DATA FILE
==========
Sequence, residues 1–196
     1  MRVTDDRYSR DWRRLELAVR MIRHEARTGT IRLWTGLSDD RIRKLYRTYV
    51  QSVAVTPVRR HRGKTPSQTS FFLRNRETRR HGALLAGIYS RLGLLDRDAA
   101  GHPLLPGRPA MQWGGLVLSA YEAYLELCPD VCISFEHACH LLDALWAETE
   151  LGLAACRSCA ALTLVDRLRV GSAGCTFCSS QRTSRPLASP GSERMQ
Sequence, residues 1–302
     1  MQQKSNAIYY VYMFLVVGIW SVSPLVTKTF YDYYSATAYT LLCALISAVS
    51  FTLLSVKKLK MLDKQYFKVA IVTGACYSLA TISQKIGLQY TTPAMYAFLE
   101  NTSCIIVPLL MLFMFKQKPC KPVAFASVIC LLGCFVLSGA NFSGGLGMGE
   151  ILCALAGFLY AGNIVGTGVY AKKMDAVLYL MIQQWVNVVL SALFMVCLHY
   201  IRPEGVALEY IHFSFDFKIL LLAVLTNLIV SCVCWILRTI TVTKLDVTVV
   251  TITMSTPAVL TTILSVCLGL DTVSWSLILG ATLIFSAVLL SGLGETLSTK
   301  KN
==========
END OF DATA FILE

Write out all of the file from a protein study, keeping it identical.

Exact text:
Sequence, residues 1–196
     1  MRVTDDRYSR DWRRLELAVR MIRHEARTGT IRLWTGLSDD RIRKLYRTYV
    51  QSVAVTPVRR HRGKTPSQTS FFLRNRETRR HGALLAGIYS RLGLLDRDAA
   101  GHPLLPGRPA MQWGGLVLSA YEAYLELCPD VCISFEHACH LLDALWAETE
   151  LGLAACRSCA ALTLVDRLRV GSAGCTFCSS QRTSRPLASP GSERMQ
Sequence, residues 1–302
     1  MQQKSNAIYY VYMFLVVGIW SVSPLVTKTF YDYYSATAYT LLCALISAVS
    51  FTLLSVKKLK MLDKQYFKVA IVTGACYSLA TISQKIGLQY TTPAMYAFLE
   101  NTSCIIVPLL MLFMFKQKPC KPVAFASVIC LLGCFVLSGA NFSGGLGMGE
   151  ILCALAGFLY AGNIVGTGVY AKKMDAVLYL MIQQWVNVVL SALFMVCLHY
   201  IRPEGVALEY IHFSFDFKIL LLAVLTNLIV SCVCWILRTI TVTKLDVTVV
   251  TITMSTPAVL TTILSVCLGL DTVSWSLILG ATLIFSAVLL SGLGETLSTK
   301  KN